How did we, as judges, choose the best? I had learnt some things from the 2012 GVACE, so we approached it as “art”, even taking into consideration the photographic techniques used, the primary consideration was “art”; composition, use of colour, subject matter, lighting, and the other usual suspects.
Whenever there were photographs that I had deeper knowledge of than I thought appropriate, I deferred decision to the other judges, while I think I can be impartial, it was better to be safe and not let my opinions have more weight than they should.
Also in 2014, there was the next iteration of the GVACE, having gone through the choice process for the 2012 GVACE, as well as being involved in the judging process for Capture Guyana, I felt I had a better handle on choosing my images. Of course, that pesky emotional attachment is almost impossible to over-ride.
I had recently started my first photography project, something I called Oniabo, something that not many people knew I was doing, since I was not sure where I was going with it myself.
I chose one image from the Oniabo core collection titled “Elemental – 5549”, and one from the extended collection titled “Trident’s Wrath”, both monochrome or black and white images as that is part of the Oniabo theme, and the third image was a pretty picture, one that was sure to garner some attention, a diya and pointer broom, a very Guyanese image I think, titled “Diwali”
As you can tell, I also tried to play it safe as this was sure to be a different panel of judges than the one two years prior, and maybe, just maybe, a pretty photo might be what they’re looking for, I was wrong again. Although I thought that Trident’s Wrath was more impacting, I knew deep down that the best of the three was “Elemental”; which earned a spot in the short-list of finalists.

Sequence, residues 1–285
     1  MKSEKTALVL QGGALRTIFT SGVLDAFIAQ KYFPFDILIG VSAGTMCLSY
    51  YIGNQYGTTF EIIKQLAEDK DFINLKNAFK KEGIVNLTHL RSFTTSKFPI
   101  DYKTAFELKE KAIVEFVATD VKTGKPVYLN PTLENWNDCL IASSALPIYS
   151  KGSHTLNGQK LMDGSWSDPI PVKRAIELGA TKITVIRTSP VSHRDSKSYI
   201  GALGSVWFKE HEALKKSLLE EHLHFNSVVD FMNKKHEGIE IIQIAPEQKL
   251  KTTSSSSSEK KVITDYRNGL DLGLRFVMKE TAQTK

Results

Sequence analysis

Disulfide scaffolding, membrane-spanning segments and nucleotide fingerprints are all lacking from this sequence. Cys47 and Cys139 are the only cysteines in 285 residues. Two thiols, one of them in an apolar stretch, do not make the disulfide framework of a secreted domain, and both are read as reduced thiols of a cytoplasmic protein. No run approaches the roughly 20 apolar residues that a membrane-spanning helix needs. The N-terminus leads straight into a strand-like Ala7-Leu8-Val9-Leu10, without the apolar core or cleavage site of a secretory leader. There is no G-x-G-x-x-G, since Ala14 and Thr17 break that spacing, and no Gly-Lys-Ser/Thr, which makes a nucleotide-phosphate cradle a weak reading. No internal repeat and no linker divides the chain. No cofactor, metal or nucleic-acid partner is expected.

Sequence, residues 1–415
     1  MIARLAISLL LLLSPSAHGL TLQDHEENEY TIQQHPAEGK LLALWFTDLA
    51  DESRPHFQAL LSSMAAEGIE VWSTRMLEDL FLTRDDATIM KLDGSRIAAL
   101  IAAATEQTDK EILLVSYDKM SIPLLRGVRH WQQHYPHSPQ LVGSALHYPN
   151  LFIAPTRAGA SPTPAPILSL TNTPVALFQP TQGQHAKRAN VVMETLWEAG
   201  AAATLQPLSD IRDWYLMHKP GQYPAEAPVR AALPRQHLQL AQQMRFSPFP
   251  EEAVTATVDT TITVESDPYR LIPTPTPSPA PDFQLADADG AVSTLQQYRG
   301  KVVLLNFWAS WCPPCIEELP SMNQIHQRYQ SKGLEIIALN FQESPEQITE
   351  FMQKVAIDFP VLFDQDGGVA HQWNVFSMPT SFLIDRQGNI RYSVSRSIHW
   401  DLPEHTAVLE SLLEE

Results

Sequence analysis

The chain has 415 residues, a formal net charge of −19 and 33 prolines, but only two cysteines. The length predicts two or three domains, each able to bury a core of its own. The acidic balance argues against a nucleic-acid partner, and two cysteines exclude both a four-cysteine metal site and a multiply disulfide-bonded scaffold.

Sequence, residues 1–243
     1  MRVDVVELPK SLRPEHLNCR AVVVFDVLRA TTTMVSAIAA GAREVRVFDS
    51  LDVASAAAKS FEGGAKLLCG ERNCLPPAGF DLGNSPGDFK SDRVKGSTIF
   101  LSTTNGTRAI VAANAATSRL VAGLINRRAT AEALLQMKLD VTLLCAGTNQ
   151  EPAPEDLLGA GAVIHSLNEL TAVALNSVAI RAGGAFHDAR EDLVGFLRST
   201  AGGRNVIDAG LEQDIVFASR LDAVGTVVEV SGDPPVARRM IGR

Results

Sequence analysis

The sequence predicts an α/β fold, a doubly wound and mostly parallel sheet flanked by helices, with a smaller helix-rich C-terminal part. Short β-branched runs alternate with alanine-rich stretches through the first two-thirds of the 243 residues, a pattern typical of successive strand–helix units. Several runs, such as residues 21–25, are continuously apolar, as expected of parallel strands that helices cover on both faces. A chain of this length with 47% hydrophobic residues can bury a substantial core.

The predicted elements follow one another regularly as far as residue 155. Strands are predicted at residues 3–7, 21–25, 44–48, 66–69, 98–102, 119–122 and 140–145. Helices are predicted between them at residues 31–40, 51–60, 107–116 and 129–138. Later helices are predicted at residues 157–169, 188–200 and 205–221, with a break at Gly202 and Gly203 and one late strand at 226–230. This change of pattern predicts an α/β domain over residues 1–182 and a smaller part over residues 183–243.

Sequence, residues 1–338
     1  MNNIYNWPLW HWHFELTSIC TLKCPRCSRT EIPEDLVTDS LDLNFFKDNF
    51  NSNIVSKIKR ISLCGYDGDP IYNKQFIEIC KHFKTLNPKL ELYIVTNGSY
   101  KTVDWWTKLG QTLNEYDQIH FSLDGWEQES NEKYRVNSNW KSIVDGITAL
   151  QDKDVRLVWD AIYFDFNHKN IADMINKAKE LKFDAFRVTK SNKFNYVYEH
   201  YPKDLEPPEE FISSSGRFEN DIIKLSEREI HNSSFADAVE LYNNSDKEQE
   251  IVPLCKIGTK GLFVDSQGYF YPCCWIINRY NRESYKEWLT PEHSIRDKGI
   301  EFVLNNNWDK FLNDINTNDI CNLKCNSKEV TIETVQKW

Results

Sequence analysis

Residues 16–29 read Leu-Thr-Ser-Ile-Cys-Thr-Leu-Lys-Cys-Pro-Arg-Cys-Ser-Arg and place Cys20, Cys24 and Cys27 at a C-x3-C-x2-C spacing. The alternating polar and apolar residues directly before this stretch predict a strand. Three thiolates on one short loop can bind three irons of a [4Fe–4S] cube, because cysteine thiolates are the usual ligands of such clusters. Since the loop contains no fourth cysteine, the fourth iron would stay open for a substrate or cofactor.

Here’s the thing, you can’t predict what a panel of judges may like, unless you know beforehand exactly who they are, and their personal preferences when it comes to art. The judges from the GVACE 2012 and the judges from the GVACE 2014 chose distinctly different winners, in content and in the type of image executed by the photographers.
Do I know what I may enter this year? Frankly, no. I think I have one in mind, but three? not yet.
Chose wisely when composing, chose wisely when executing the photo, choose wisely when processing, choose wisely when printing and framing; any photograph that you consider entering is a totality of these things. Personally, once I have the first three covered, I’m happy, but the final product is something that you are presenting, so the printing and framing are important, you do after all want someone to look at it and say “I’d like to hang that on my wall!”
Click on the images to see them in the collection.